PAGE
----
Vermillion Gallery: Distinctly Adorned

On Cap Hill, a raw space with palpable power.

The newest art gallery to open in Seattle has been going against the grain. Stepping into the space just off 11th Avenue and Pike Street, away from a row of bad bars and condo developments and a long shot from the nexus of galleries in Pioneer Square, it's clear that Vermillion is up to something different. In the back, construction is still under way to develop part of the space into a wine bar, and in the front, cold concrete floors and walls that stretch at least 16 feet high set a very, very minimal stage for art.

Physical differences aside, Vermillion has also developed a program that is quite distinct from other galleries' in town. Between its last show—a brilliant, though overlooked, showcase of photography by Portland-based advertising legend Jim Riswold—and this month's strong group of drawings, "Hand to Paper," Vermillion's focus on narrative art has made for a dramatic debut.

Now, before you roll your eyes, let me assure you that though "narrative" is so often synonymous with diary doodles and the girly trappings of sketchbook stories, founder Diana Adams has already proved she's not interested in work that's overly saturated with frivolity. By opening with Riswold, and then washing his slick body of work down with "Hand to Paper," the work on Vermillion's walls has debuted as perfectly balanced albeit sometimes painfully raw. It seems that "narrative" in this case also brings with it a heavy dose of reality.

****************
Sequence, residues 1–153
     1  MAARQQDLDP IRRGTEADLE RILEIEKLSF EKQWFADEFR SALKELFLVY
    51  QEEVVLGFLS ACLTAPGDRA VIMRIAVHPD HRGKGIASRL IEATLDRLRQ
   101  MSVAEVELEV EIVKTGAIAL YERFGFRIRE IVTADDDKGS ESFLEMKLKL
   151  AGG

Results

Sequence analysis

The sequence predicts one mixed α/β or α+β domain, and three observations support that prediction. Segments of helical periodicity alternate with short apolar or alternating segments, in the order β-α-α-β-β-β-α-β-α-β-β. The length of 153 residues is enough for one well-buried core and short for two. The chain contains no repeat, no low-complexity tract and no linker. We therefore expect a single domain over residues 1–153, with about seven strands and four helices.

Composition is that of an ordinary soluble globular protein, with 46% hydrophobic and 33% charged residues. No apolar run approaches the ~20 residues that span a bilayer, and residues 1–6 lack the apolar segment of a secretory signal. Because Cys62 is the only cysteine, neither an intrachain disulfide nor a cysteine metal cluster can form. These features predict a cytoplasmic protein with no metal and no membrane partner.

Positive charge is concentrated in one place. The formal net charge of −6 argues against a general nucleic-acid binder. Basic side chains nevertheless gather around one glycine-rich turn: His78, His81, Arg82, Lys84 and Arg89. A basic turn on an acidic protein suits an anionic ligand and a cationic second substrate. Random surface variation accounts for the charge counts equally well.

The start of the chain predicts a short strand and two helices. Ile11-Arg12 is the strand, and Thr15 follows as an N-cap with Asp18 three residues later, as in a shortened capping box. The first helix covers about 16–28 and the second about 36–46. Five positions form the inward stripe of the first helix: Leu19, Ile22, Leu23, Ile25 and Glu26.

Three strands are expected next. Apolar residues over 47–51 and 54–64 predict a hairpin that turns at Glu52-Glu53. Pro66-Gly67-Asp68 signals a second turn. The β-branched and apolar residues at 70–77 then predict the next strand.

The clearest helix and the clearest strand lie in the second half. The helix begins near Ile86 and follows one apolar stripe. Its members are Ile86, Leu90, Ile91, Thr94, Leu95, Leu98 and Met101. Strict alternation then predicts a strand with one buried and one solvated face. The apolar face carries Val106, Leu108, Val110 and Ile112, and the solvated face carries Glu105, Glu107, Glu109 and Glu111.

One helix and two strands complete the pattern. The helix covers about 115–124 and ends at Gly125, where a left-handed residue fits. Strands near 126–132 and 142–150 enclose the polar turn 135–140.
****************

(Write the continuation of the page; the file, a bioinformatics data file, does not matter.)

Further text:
Riswold, who skillfully takes culturally impotent symbols and reloads them with meaning, has been fighting leukemia for seven years. And at just 51 years old, Rick Linville, whose work is some of the best in the current show, died a few months ago from complications of having both hepatitis and diabetes. Whether or not these all-too-heartrending backstories add an edge to Vermillion's program should be up for debate. What is clear is that Vermillion's version of narrative is smart and humorous and fittingly drenched in the stuff that makes art so powerful; it feels, in a word, really human.

This month, a colorful mural by Marianne Goldin is playfully juxtaposed with Linville's Sharpied (yes, as in Sharpie® markers) black-and-white compositions. Both local, little-shown artists, their pieces have affinities. While Goldin explores a glamorous fantasy world, working from fashion spreads and throwing warm washes of color across her precisely rendered sketches of beautiful people, Linville worked from what he knew in life. Closely cropped portraits hang next to shadowed and unadorned apartment interiors. The work is honest, unapologetically employing a vernacular of the everyday both in terms of content and draftsmanship. Deep black lines of the marker create Linville's all-too-real meditations on the mundane. Framed faces push against the boundaries of the paper, while perfectly ordinary still lifes read both as studies in composition and records of places we've all been.

What skillfully unites all the work in "Hand to Paper," despite differences in content, is how palpably the hand of the artist is captured (hence the title). In Linville's compositions, we see the scribble of a steady man; in Goldin's, a youthful freedom comes across as she builds clothes out of color; and in Josh Slater's work, the Brooklyn-based artist lightens up disturbed content in the sketchy quality of his renderings. Screaming red-faced men mingle with statements like "It's not so bad."

That phrase permeates Vermillion's budding and hopeful aesthetic. Though the space needs a little fine-tuning and the program will need to push its focus on "narrative" as far away from trite as it can, this gallery might just be up to something really good.

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